Wind erodes snow from the windward (upwind) side of obstacles,
such as a ridge, and deposits the same snow on the leeward (downwind)
terrain. Wind loading is a common denominator in most avalanche
accidents. And no wonder because wind can deposit snow 10 times
more rapidly than snow falling from the sky. Moreover, wind-drifted
snow is ground up by bouncing along the snow surface and when
it comes to a rest it is often much denser than non-wind loaded
snow. In other words, it not only adds significant weight on
top of buried weak layers but it forms a slab that can propagate
a fracture very easily. Wind can turn very safe snow into very
dangerous snow in a matter of minutes. Wind is usually the most
important weather factor in avalanche accidents.
Luckily, we can easily recognize wind loaded slopes:
||Wind deposited snow
||Wind eroded snow
|What does it look like?
||Smooth and rounded, sometimes called
“pillows” chalky, dull appearance
||Sandblasted, etched look
|Where does it form?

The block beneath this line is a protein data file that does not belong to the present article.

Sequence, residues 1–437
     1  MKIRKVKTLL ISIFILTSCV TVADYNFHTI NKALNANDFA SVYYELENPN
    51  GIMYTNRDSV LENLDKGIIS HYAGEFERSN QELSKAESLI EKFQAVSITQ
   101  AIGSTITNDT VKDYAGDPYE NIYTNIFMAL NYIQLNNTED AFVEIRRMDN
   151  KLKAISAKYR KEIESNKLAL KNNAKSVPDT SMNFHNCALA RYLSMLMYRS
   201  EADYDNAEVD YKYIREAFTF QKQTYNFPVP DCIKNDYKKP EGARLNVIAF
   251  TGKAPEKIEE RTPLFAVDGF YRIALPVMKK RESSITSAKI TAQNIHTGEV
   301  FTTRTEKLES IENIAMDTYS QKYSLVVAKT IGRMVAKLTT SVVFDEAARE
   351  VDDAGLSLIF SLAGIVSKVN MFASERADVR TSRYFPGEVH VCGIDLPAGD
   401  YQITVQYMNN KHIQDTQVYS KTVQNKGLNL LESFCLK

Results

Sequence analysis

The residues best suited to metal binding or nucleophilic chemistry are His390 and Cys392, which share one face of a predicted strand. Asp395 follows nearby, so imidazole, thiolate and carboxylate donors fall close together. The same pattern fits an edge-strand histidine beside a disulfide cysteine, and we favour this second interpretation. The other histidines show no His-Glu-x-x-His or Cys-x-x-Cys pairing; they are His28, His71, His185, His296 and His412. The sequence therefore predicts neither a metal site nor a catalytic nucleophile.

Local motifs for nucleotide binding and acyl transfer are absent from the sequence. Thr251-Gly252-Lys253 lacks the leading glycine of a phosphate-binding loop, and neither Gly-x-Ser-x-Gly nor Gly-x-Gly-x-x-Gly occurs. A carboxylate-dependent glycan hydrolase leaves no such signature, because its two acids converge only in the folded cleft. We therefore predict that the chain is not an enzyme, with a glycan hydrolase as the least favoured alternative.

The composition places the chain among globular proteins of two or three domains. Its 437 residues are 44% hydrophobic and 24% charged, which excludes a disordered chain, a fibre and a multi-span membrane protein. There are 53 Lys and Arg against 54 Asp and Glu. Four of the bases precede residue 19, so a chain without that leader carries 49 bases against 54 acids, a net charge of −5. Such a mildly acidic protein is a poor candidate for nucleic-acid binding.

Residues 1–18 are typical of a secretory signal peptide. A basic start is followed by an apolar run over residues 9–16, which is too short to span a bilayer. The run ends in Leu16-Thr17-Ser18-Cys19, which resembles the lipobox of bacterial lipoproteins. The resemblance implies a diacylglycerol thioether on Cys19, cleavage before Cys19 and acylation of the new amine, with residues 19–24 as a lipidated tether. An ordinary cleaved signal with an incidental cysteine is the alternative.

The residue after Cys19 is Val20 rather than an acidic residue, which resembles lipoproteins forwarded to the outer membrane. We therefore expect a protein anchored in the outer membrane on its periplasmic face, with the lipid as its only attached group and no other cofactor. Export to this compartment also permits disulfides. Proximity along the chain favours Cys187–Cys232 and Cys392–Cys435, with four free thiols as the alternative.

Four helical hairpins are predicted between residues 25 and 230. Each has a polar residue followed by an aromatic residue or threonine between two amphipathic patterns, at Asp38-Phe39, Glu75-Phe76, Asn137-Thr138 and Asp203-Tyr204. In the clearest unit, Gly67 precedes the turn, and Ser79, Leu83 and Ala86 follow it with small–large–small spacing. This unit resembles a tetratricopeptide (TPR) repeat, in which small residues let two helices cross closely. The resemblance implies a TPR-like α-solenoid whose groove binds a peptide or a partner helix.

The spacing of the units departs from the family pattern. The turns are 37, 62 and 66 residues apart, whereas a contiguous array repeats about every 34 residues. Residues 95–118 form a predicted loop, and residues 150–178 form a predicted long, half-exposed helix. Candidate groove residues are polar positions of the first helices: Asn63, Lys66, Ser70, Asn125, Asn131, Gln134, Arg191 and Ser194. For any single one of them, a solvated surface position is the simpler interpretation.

||Lee terrain (downwind of an obstacle
such as a ridge). Often, a cornice overhangs the slopes
||Windward terrain (upwind side of an
obstacle, such as a ridge). Often a cornice faces away
from the slope
|What does it feel like?
||“Slabby” or “punchy,”
meaning that denser and stiffer snow overlie softer snow
||Rough, difficult to travel on
|What does it sound like?
||Sometimes sounds hollow like a drum
||Noisy from the rough texture
It’s very important to memorize the look, feel and sound
of wind loaded slopes.
Always avoid steep slopes with recent deposits of wind drifted
snow unless you are experienced, and have checked it out very